Associated Press Published

Whooping Cough On The Rise in W.Va.


West Virginia health officials are reporting a spike in the disease commonly known as whooping cough.

According to the Charleston Gazette-Mail, the Department of Health and Human Resources (DHHR) reports 52 confirmed cases of pertussis in West Virginia so far this year. That’s up from 18 cases last year and 19 cases in 2013.

Symptoms include uncontrollable, violent coughing which often makes it hard to breathe. After fits of many coughs, someone with pertussis often needs to take deep breaths which result in a “whooping” sound. Pertussis can affect people of all ages, but can be very serious, even deadly, for babies less than a year old.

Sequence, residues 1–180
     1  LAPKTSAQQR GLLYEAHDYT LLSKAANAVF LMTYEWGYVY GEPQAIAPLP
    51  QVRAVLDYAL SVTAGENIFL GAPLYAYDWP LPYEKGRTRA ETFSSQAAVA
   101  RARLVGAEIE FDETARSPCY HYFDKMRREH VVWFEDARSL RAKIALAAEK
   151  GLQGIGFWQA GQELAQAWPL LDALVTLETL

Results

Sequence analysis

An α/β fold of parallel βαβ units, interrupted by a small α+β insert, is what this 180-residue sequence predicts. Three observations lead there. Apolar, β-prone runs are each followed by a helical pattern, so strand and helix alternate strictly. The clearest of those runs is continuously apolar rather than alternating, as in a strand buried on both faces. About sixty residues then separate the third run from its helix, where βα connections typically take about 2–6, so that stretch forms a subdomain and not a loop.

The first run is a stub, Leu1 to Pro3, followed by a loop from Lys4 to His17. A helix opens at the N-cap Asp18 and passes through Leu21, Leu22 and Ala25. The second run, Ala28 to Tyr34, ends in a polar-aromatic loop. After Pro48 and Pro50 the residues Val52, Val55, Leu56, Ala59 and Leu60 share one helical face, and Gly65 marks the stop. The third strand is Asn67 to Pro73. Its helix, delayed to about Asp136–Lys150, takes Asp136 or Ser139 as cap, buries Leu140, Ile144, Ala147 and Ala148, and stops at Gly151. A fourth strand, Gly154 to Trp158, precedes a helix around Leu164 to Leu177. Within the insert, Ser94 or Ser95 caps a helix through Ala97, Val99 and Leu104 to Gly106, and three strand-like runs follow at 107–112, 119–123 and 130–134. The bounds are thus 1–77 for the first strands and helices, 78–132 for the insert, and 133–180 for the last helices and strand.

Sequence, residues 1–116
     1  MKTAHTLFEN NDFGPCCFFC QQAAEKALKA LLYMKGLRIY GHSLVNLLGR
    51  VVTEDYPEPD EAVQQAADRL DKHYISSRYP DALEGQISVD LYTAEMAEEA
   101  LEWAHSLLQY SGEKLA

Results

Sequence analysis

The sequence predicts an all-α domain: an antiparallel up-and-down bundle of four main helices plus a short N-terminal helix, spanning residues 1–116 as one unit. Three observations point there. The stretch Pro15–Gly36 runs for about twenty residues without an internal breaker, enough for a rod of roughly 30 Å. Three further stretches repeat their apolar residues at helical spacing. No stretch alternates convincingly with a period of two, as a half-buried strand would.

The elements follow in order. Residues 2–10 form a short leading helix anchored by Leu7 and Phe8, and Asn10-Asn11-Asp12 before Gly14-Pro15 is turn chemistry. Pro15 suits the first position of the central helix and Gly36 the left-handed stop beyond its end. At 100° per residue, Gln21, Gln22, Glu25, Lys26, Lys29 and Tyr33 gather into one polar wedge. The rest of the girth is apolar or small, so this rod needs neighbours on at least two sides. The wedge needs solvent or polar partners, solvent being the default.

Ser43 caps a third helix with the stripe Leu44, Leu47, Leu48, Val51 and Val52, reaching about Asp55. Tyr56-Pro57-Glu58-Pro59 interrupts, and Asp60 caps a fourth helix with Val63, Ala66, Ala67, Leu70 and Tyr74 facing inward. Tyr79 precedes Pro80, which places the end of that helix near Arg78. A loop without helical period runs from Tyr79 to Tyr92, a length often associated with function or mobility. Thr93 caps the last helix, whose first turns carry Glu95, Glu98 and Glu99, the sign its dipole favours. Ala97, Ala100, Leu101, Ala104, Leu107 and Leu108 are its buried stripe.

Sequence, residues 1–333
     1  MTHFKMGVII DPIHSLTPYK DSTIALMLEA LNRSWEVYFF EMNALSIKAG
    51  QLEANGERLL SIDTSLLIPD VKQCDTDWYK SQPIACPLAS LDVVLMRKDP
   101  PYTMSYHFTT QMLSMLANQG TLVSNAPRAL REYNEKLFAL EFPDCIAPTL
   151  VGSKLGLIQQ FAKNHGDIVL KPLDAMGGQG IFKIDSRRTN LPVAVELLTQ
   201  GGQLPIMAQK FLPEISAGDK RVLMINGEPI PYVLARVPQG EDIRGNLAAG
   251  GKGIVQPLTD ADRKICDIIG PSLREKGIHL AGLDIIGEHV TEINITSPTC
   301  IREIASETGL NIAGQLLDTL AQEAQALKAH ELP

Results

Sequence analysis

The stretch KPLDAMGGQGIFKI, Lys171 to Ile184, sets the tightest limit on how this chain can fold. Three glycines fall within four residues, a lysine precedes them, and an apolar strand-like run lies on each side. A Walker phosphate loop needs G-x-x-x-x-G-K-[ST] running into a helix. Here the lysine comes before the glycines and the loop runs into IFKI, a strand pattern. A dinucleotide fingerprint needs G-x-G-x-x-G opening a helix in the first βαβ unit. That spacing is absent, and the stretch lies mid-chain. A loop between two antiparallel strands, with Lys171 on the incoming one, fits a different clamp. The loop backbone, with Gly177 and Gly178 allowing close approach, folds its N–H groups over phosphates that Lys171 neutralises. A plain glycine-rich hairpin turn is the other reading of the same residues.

Dr. Rahul Gupta, the state health commissioner, says outbreaks of the contagious respiratory disease tend to occur in three- to five-year cycles. There were 168 cases in 2010.

The DHHR has sent an advisory to health-care providers across the state alerting them to look for symptoms of pertussis and coordinate with local health officials in testing for suspected cases.